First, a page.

Over the last week, Facebook has gained quite some attention and some positive karma by announcing that it will not tolerate employers asking for passwords of user accounts. This announcement has led to a mini-drama with the news world reporting that Facebook will sue any employer asking for passwords, and Facebook issuing a clarification that it does not intend to sue any employers as yet, but some legal actions can be taken nonetheless.
The recent development in this whole play has become quite the anti-climax for Facebook. US senators Chuck Schumer (D-NY) and Richard Blumenthal (D-CT) have urged the Attorney General, Eric Holder, to investigate into this brewing drama and unravel whatever truth is there in this matter.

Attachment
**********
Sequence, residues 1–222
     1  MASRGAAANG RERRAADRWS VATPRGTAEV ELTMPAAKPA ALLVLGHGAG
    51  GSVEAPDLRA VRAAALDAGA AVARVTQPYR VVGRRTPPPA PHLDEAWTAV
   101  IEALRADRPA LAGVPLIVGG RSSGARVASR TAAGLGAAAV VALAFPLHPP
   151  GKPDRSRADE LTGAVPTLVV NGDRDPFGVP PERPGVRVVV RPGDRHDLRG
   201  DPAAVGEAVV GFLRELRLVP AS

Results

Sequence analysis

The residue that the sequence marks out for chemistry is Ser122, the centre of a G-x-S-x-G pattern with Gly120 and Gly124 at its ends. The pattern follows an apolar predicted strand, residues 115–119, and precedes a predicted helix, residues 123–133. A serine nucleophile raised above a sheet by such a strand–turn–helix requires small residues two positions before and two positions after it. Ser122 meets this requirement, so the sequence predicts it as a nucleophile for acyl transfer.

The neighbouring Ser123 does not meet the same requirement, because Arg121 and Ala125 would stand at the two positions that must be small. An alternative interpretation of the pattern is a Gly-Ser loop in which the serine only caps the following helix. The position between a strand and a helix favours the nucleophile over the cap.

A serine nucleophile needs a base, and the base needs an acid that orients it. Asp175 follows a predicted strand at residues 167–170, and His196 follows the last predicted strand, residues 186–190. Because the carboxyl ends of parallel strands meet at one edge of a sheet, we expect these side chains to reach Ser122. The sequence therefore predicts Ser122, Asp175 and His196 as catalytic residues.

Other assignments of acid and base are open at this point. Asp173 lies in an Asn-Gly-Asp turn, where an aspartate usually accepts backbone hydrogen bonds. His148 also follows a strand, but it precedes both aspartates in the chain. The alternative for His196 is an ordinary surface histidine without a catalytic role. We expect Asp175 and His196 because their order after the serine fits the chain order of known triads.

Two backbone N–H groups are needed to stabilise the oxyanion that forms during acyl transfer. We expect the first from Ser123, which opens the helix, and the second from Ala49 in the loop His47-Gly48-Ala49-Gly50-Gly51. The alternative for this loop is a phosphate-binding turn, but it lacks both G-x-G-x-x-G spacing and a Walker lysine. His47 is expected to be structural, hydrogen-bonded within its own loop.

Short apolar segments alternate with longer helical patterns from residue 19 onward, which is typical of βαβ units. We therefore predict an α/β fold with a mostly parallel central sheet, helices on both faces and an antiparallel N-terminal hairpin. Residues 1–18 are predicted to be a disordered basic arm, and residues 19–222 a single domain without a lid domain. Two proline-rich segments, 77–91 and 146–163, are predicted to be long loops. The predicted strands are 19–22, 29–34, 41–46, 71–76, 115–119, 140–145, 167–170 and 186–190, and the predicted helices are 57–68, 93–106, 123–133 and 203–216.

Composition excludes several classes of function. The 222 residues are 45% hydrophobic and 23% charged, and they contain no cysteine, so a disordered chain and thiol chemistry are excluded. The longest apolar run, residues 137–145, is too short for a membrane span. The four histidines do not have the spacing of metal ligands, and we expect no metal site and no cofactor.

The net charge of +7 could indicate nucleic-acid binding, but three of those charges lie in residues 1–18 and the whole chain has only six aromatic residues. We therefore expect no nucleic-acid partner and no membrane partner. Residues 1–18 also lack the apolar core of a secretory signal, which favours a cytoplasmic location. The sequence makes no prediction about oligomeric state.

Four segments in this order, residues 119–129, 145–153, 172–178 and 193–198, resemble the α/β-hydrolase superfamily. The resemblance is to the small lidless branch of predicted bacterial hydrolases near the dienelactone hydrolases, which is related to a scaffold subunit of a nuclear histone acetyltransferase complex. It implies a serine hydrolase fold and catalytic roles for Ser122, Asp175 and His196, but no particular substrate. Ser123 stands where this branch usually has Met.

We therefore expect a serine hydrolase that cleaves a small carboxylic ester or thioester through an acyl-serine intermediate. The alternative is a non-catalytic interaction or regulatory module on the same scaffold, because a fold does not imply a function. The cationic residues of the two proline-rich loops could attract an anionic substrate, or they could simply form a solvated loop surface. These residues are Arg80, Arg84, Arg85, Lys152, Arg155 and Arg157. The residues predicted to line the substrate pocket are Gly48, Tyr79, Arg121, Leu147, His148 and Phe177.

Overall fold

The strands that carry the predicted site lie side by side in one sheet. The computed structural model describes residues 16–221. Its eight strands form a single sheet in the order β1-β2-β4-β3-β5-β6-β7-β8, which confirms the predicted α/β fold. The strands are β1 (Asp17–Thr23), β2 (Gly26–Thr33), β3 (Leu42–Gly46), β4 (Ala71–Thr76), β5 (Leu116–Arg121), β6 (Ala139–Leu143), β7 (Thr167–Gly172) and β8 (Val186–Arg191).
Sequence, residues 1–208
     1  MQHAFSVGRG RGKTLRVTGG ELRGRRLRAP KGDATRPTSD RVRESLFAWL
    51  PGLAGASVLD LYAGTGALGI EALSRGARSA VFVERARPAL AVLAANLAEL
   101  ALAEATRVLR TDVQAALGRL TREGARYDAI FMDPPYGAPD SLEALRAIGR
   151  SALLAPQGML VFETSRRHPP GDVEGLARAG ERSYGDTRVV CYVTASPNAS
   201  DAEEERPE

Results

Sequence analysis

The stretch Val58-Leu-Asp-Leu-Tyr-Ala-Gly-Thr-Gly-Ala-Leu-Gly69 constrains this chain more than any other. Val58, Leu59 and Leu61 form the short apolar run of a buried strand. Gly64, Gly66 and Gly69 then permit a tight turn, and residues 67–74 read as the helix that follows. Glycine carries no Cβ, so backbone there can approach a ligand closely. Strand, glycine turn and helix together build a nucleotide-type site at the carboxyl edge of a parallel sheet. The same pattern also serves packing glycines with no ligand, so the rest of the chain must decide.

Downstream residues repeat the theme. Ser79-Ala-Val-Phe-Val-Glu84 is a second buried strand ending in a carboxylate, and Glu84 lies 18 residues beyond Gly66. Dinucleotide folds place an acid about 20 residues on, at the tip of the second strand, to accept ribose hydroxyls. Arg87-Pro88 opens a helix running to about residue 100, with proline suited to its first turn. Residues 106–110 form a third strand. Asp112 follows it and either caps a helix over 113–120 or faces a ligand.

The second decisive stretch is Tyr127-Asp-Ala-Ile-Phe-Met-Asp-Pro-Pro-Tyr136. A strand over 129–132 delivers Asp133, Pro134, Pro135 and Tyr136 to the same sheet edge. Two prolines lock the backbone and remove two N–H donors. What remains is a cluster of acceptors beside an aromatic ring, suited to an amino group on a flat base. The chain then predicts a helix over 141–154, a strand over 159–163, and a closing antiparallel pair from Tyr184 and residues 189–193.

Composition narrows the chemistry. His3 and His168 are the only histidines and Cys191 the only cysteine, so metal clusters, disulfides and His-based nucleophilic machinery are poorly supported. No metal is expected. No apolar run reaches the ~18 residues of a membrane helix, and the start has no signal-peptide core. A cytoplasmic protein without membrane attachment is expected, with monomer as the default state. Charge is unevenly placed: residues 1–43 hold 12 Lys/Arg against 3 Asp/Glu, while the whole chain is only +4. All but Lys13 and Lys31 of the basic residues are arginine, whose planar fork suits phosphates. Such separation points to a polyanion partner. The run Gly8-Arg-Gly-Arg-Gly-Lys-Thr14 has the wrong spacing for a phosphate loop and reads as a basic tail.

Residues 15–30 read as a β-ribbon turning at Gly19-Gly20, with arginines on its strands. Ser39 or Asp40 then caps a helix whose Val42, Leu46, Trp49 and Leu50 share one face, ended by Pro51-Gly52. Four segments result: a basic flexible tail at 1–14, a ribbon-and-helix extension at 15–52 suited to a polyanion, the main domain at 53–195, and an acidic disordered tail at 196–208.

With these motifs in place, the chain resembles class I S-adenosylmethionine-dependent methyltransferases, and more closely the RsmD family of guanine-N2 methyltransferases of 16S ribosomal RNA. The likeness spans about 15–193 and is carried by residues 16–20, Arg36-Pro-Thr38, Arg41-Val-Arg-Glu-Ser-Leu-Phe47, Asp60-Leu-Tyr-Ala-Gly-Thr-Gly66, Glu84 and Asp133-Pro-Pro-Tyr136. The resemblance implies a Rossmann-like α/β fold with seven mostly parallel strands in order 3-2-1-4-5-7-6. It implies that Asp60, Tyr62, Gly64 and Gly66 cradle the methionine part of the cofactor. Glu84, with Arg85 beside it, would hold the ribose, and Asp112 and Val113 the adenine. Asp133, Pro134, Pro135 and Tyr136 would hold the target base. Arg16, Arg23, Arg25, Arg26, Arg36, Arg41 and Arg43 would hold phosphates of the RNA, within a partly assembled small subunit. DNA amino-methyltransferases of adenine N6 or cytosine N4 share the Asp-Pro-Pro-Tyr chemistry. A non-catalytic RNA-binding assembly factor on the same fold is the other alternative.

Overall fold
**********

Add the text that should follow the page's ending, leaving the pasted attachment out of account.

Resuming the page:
Nathan Ingraham at The Verge reports this request by the senators, saying,
the senators want to know if this practice would violate the Stored Communications Act (SCA) or the Computer Fraud and Abuse Act (CFAA) — the SCA gives fourth amendment-type protection to online communications, while the CFAA prevents intentional access to information stored on a computer without authorization. Blumenthal appears particularly concerned about this issue: only a few days ago, he started drafting a bill that would prohibit such requests.
Not only this, a number of Government representatives have come out claiming that they were in the process of either drafting or introducing a bill that handles these issues. As it turns out, the US government is taking this growing practice by employers seriously, and the matter is already being taken care of by them.